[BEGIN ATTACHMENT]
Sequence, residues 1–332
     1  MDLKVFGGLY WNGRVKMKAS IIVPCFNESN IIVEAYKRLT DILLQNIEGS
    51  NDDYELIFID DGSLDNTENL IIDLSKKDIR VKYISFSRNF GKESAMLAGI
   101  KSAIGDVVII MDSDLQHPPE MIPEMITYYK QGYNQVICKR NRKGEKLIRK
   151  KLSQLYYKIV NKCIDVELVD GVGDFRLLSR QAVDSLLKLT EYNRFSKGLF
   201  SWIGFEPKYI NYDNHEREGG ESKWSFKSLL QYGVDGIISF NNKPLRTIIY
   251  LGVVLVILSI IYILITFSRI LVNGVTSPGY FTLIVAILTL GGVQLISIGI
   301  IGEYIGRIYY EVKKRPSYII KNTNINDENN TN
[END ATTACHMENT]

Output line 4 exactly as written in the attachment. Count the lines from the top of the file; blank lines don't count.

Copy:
   101  KSAIGDVVII MDSDLQHPPE MIPEMITYYK QGYNQVICKR NRKGEKLIRK